Transport Properties of Hectorite Based Nanocomposite Single-Ion Conductors.

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Title: Transport Properties of Hectorite Based Nanocomposite Single-Ion Conductors.
Author: Singhal, Ruchi Gupta
Advisors: Dr. Saad A. Khan, Committee Co-Chair
Dr. Peter S. Fedkiw, Committee Chair
Dr. Jan Genzer, Committee Member
Abstract: Lithium-ion batteries are an important power source for small electronic technologies because of desirable characteristics including high-energy density, low weight, and excellent cycle performance. We investigated the electrochemical and rheological effects of clay nanocomposite fillers in lithium-ion battery electrolytes. Nanocomposite hectorite, a non-reactive smectite clay filler, was used in this study. Hectorite and other 2:1 layered clays (smectites) are unique in that they are characterized by a large negatively charged plate-like structure (˜250-nm diameter) with exchangeable counter cations sandwiched between thin platelets (˜1 nm). For lithium battery application, the native sodium cations on hectorite are exchanged for lithium ions and the plate-like particles are dispersed in high-dielectric solvents (e.g., ethylene carbonate (EC) and propylene carbonate (PC)) to create a physically gelled structure. The cation mobility is considerable relative to the mobility of the large anion clay platelets. Lithium-ion transference numbers of Li-hectorite in carbonate solvent have shown near unity values indicating efficient Li+ movement in a cell. Conductivity in our electrolytes is not as high as LiPF6 liquid electrolytes used in today's market, however, we hypothesized that the addition of low-molecular weight polymer compounds would improve conductivity. Our objective was to show improved conductivity in Li-hectorite/ethylene carbonate electrolytes with the addition of polyethylene glycol di-methyl ether (PEG-dm, 250 MW). Several combinations of clay and polymer loading are studied in an attempt to find an electrolyte with the highest conductivity. Finally, a preliminary comparison between hydroxyl terminated PEO (PEG) and PEG-dm as a polymer co-solvent with EC, is made with regards to rheological properties. We find all samples to exhibit gel-like behavior with room temperature conductivities of order 0.1 mS/cm. A maximum in conductivity is observed with increasing clay concentration. A maximum in clay basal spacing is also observed in the same concentration range, suggesting a direct correlation between conductivity and basal spacing. G' and yield stress increased by two orders of magnitude with increasing clay concentration and conductivity increased by one order of magnitude (from 5 to 25% clay), indicating clearly clay concentration to be the primary factor in determining the characteristics of these single ion conductors. Addition of PEG-dm to the base EC electrolyte shows moderate improvement in conductivity; the elastic modulus and yield stress also increase by a factor of three. Clay concentration had a dominating effect on all results including rheology results, when compared to solvent composition. PEG-dm electrolytes yielded a stronger gel sample when compared to PEG electrolytes. In addition, we found an interesting correlation between clay basal spacing and conductivity as a function of clay concentration.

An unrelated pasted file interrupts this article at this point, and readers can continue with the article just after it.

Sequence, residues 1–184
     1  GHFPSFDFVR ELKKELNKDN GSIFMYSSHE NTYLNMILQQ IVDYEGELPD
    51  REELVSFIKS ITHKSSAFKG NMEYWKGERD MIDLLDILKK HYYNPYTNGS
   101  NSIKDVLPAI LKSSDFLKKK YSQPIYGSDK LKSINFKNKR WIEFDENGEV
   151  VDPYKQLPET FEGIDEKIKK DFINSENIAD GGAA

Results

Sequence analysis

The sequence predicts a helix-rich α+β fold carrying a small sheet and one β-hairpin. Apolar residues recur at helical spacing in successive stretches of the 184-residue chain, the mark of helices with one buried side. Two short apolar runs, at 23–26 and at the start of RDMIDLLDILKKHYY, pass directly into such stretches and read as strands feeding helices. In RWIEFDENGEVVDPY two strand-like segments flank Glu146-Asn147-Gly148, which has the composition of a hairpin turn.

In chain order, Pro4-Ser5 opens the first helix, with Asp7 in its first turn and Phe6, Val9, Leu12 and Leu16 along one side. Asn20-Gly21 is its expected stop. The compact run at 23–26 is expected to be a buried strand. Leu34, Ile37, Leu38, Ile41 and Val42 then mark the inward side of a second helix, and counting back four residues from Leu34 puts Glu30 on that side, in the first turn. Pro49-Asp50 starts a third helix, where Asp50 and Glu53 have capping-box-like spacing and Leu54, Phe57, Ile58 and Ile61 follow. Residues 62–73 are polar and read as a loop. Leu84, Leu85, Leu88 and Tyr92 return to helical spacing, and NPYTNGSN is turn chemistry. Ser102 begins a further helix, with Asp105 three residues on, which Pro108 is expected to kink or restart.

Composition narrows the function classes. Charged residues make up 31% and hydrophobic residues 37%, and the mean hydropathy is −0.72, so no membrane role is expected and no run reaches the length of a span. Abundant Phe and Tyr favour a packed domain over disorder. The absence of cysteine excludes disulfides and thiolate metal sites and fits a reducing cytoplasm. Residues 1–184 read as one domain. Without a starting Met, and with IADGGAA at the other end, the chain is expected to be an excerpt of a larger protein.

Date: 2003-04-14
Degree: MS
Discipline: Chemical Engineering
URI: http://www.lib.ncsu.edu/resolver/1840.16/322


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